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It's Unicode, Baby

Okay. I have to share this. It's just too cool not to.

All day today, I was struggling with how to enter Unicode characters in Linux. I really didn't have any reason other than I just wanted to learn. And it didn't make sense to me why it wasn't easy. I just figured entering any Unicode character from the keyboard wouldn't really be that hard. I mean, don't the Chinese, and other languages use Unicode all the time? So it shouldn't be that hard. Not that I speak Chinese or anything, I was just curious.

Well, after digging around the Internet, I found it. It took a great deal of time to find, though. Believe me, this is not heavily documented, as the English language really doesn't rely on Unicode. But the neat thing, is you can use the following keyboard sequence in just about any Gtk+ application., Gnome Terminal, GEdit, Firefox, and so on. So, it could come handy when you want to enter cents instead of dollars, or an actual smiley face rather than colon+paren. At any event, here's how you do it:

Hold down 'ctrl' & 'shift' the entire time while entering the character. While holding them down, press 'U' then the 4 digit octal code for the character. For example, if I want to display the Unicode cent ¢, you would type 'ctrl+shift+U+00A2' then release. You can find plenty of Unicode characters at the official Unicode site or by typing 'gnome-character-map' in a Linux terminal.

Fairly easy, no? The great thing, is the Unicode characters can be entered from just about any scenario. For example, a Windows keyboard connected through Synergy to a Linux computer will work. The Unicode character can be entered inside of screen. Irssi recognizes the Unicode characters just fine, which is a nice addition to my screen digraphs here.

One use that I will have for them is when connected to IRC. It's fun to "show off" the ASCII skillz. Luckily, with irssi, for commonly used Unicode characters, I can setup tab completion. All I need is one letter to start it off, hit 'Tab', and irssi will finish the rest leaving a Unicode character. For example, if I want the ever-so-cool smiley シ (which is really a Katakana Unicode character), then I need 'ctrl+shift+U+30B7':

/completion : シ

Now when I type the colon :, and hit 'Tab', the Katakana Unicode character will be completed for me. This is handy for a TON of Unicode characters, such as the heart, the cent, the British pound and many more.

I hope this is helpful. If it was, please, leave a comment below, and let me know. Of course, if you have cool tips and tricks, those are welcome too. 🙂 Er, I mean, シ.

{ 15 } Comments

  1. phoenyx | December 8, 2006 at 1:33 pm | Permalink

    FYI, it also works in gaim. I'm more of a fan of U30C4 ツ

  2. shuray123 | April 1, 2007 at 8:46 pm | Permalink

    so rude... baby~

  3. Aaron | April 1, 2007 at 8:48 pm | Permalink

    shuray123- what's rude?

  4. Kurt McKee | April 5, 2007 at 7:29 am | Permalink

    Thanks for the tip! I've been in need of a quick way to type up my Spanish homework!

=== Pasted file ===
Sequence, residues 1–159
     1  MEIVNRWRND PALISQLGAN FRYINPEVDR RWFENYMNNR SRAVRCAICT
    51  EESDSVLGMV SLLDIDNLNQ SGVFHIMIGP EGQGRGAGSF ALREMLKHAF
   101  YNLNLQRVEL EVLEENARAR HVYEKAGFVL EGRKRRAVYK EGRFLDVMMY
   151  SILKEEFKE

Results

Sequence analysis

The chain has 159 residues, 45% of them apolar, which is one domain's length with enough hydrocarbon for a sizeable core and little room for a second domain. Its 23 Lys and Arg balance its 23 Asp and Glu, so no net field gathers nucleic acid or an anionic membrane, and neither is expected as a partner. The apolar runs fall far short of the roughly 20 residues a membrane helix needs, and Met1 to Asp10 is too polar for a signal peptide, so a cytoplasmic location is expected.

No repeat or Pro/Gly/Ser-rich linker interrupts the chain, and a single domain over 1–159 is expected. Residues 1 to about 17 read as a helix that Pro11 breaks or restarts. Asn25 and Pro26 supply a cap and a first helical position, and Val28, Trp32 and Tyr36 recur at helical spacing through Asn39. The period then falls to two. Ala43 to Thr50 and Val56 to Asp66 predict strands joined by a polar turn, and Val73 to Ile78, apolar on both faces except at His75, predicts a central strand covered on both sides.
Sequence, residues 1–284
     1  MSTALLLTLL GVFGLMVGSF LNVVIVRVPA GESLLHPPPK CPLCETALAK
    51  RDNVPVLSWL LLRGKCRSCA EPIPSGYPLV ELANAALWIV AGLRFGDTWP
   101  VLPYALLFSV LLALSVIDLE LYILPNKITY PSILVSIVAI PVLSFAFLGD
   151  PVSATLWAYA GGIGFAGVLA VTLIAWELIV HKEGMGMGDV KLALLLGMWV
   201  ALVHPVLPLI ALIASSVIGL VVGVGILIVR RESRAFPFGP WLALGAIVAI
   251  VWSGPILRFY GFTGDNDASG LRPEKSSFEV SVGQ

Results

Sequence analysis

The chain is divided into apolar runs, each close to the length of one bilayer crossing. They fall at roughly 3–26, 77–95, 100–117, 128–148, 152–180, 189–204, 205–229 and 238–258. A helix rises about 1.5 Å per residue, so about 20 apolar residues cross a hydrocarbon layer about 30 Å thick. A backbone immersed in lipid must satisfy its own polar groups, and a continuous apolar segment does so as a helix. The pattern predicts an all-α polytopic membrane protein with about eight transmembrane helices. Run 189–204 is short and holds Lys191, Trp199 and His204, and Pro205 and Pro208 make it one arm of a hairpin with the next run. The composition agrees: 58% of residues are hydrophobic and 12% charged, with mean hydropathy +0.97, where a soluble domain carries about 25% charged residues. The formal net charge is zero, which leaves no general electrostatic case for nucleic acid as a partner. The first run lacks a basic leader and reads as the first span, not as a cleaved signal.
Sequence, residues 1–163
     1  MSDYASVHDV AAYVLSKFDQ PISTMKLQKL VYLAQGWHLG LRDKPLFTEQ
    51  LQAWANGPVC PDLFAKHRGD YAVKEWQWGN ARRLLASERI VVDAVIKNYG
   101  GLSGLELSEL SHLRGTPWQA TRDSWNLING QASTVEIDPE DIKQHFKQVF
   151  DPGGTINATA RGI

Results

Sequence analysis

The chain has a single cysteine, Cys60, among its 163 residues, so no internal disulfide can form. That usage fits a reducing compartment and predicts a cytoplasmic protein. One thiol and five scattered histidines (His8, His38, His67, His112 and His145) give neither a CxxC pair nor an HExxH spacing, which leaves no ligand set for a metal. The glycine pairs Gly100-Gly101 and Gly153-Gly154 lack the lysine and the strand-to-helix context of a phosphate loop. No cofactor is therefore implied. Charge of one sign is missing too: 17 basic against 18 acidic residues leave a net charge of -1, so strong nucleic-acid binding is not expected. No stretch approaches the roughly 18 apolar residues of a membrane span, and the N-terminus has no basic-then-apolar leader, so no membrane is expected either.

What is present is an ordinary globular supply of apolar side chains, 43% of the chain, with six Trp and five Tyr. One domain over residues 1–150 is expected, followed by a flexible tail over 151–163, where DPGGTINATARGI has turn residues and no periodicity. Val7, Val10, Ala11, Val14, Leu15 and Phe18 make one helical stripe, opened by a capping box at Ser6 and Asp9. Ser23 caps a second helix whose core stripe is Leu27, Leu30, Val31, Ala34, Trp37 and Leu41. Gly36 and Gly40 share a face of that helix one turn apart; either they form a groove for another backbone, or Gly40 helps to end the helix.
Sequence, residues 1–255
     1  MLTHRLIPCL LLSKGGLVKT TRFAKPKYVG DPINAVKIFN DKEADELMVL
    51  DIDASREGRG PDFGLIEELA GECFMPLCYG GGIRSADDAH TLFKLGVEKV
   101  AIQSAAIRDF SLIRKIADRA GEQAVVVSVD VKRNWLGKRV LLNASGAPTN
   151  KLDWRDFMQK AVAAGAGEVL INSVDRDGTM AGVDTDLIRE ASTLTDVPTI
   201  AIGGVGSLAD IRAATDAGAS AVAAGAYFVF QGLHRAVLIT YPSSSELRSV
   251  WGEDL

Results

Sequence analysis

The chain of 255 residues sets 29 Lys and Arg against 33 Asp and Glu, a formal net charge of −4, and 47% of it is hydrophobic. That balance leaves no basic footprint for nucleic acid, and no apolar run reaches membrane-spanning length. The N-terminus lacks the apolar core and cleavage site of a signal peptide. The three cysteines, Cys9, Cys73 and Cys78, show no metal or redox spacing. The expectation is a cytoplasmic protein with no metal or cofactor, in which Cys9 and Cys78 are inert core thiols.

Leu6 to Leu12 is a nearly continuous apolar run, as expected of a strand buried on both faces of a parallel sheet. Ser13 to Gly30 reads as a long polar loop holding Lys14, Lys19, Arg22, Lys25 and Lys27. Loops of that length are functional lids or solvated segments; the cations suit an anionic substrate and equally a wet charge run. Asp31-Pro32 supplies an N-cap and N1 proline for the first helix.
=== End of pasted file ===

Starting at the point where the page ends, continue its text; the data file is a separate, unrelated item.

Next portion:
PS - It's hex, not octal.

  5. Edward Vielmetti | November 6, 2007 at 9:00 am | Permalink

    greetings from ☼♖

  6. vontrapp | January 12, 2008 at 4:47 pm | Permalink

    I know this is a really late comment (but looks like some others are, too) but I was trying it out, turns out you only need to hold down ctl-shift-u, once you press u, you can let go for the number part. Also my favorite place to find unicode characters is

  7. trantor | October 25, 2008 at 5:03 pm | Permalink

    Hey, but this does not work in eclipse. Any clues on how to make it work there?

  8. guitarMan666 | November 15, 2008 at 6:46 pm | Permalink

    Excellent tutorial. It should work anywhere i'm not sure what kind of special case eclipse is. But this work's wonderfully.

  9. Jenny | January 2, 2009 at 11:10 pm | Permalink

    This is a informative post about colon cleansing and there side effect.
    Thanks for sharing such an informative post.

  10. Mohan R | January 7, 2009 at 12:43 pm | Permalink

    Great Article. You are true, Finding Information about Unicode is not an one time googling.


  11. Peter R | February 21, 2009 at 7:01 am | Permalink

    Works fine here shift+ctrl+u+2107 gives ℇ (in firefox3) but otherwise not much use as fails to work in openoffice.org3, kword, kate or kontact under kubuntu8.04
    no idea why that should be!

  12. Anonymous | March 12, 2010 at 1:05 pm | Permalink

    This was very helpful, thank you!

  13. Plimsbury | January 29, 2011 at 7:15 pm | Permalink

    nice to knoѼ.

  14. Gary Ford | April 10, 2016 at 6:34 pm | Permalink

    @Trantor, For Eclipse, this worked for me.

    To enter a unicode character, do these steps
    1. Hold down the
    2. Hit the u character and then release the key. Note that you should
    still be holding down the key only.
    3. Enter the four characters (hex values) and then release the control key.

  15. Wisknort | June 4, 2019 at 11:22 am | Permalink

    What actually controls this behaviour? Where can I read more about it? I used to have it working but no longer, and I think it's to do with porting my home directory from one install to another. (Which was an entertaining choice.)

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